The half-brother of Saudi Arabia's King Khalid has been granted diplomatic immunity by the State Department more than a month after he was accused of assaulting Miami police officers.
Prince Turki bin Abdul Aziz is one of the 43 sons of the founder of the Saudi royal family and is closely related to many senior Saudi officials, but he holds no position in the Saudi government at this time.
The State Department, in response to inquiries from reporters, said yesterday that it had granted diplomatic immunity to the prince and his wife, Princess Hend al-Fassi, April 1 in accordance with a request from the Saudi king. Department spokesmen declined to describe the prince's position or mission here.
The prince was a deputy Saudi defense minister until 1978 when, according to a new book, "The House of Saud" by David Holden and Richard Johns, he fell from grace because of a marriage that the royal family did not regard highly and perhaps a "partiality to alcohol."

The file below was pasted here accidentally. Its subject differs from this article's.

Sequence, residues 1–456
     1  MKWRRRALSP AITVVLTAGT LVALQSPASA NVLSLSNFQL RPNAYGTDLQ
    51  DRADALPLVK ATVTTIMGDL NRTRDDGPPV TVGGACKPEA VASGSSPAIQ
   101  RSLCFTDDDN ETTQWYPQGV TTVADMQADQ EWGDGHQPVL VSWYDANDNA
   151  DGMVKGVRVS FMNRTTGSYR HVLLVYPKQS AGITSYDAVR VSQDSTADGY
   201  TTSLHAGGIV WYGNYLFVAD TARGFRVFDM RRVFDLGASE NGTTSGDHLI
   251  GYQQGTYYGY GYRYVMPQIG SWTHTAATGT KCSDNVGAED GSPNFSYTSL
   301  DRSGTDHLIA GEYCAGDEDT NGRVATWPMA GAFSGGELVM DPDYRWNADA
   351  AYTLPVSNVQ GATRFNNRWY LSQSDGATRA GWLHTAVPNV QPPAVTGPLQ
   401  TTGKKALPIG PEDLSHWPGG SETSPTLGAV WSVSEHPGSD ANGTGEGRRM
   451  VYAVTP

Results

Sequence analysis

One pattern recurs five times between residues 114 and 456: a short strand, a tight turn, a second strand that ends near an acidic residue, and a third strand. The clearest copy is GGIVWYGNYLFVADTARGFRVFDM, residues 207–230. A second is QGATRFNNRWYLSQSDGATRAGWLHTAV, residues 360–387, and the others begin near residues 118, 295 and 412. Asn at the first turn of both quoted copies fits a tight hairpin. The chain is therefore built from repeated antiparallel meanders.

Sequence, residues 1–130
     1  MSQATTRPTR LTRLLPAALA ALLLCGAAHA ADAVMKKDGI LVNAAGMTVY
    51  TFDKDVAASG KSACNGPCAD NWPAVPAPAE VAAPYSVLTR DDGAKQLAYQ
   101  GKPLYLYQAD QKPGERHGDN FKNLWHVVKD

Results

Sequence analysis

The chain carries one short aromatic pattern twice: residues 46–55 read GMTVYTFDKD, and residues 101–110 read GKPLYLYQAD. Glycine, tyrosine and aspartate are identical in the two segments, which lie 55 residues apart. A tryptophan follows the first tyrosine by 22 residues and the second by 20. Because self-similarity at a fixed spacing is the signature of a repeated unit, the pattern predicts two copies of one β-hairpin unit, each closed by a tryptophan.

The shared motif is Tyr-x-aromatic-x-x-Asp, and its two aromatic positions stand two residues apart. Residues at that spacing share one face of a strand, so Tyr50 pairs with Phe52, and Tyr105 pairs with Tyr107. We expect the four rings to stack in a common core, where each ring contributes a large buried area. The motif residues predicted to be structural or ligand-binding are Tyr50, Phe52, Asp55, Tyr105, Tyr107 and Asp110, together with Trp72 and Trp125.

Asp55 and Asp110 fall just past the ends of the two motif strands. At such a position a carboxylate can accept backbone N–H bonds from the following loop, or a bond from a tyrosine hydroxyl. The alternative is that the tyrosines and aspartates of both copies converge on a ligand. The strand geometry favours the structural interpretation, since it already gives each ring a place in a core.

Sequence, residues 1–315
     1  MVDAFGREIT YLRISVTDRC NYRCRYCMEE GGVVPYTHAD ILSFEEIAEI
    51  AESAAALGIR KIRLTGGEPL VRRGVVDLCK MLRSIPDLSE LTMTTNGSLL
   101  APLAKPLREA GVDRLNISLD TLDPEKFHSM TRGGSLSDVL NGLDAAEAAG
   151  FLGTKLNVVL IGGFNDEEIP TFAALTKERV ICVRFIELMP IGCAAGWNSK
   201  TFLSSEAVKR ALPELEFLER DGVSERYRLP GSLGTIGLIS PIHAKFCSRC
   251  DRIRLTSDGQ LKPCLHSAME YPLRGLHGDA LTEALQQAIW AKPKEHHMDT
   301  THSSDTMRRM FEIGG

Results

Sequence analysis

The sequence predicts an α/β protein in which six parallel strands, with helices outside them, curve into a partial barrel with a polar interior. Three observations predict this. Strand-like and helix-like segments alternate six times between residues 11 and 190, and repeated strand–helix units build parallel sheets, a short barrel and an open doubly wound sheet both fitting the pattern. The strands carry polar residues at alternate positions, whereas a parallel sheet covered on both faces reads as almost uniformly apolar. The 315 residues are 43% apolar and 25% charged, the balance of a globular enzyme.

According to news agency accounts yesterday, which identified the prince but not his relationship within the Saudi family, the case has stirred considerable anger among police and prosecutors in Miami. Five officers allegedly were assaulted Feb. 26 while investigating allegations that the couple were holding servants as slaves at their quarters in a luxurious condominium.
No such servants were found, the Associated Press reported yesterday, but several Miami police officers, including one who said her hand was smashed in the door of the apartment, have filed civil damage suits against the couple.
"I can't believe that in this country a person can buy immunity from the law," Connie L. Kubik, one of the officers involved who has resigned, told the Miami Herald this week.
The Saudis, in turn, have filed suits for $210 million in damages, claiming that the police were "abusive, disgusting and violent."
On March 19, two State Department officials were dispatched to Miami. According to the department, they "were asked to express to Prince Turki the concern of the department over the situation in which he was involved and its implications for Saudi-U.S. relations, its appreciation of his position within the Saudi royal family and its desire to assist in resolving the situation in every appropriate way."
As long as the couple hold diplomatic immunity, they cannot be prosecuted. A spokesman for the local police department in Florida was quoted yesterday as saying that while officials there believed they had "a good case," they were aware of the international implications and do not plan to prosecute at this time.